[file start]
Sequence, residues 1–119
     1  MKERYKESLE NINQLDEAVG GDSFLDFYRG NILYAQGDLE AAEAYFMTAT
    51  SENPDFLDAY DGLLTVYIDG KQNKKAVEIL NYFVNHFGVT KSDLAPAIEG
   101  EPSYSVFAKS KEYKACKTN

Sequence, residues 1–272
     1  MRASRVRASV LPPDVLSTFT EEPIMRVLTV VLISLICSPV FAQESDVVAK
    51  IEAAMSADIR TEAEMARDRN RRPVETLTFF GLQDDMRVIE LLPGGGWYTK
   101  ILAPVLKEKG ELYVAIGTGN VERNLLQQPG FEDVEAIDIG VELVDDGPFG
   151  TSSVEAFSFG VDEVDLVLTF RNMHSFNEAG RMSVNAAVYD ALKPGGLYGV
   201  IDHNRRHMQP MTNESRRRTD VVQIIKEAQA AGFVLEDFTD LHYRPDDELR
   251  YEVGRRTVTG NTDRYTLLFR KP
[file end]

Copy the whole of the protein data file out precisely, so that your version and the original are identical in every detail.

Sequence, residues 1–119
     1  MKERYKESLE NINQLDEAVG GDSFLDFYRG NILYAQGDLE AAEAYFMTAT
    51  SENPDFLDAY DGLLTVYIDG KQNKKAVEIL NYFVNHFGVT KSDLAPAIEG
   101  EPSYSVFAKS KEYKACKTN

Sequence, residues 1–272
     1  MRASRVRASV LPPDVLSTFT EEPIMRVLTV VLISLICSPV FAQESDVVAK
    51  IEAAMSADIR TEAEMARDRN RRPVETLTFF GLQDDMRVIE LLPGGGWYTK
   101  ILAPVLKEKG ELYVAIGTGN VERNLLQQPG FEDVEAIDIG VELVDDGPFG
   151  TSSVEAFSFG VDEVDLVLTF RNMHSFNEAG RMSVNAAVYD ALKPGGLYGV
   201  IDHNRRHMQP MTNESRRRTD VVQIIKEAQA AGFVLEDFTD LHYRPDDELR
   251  YEVGRRTVTG NTDRYTLLFR KP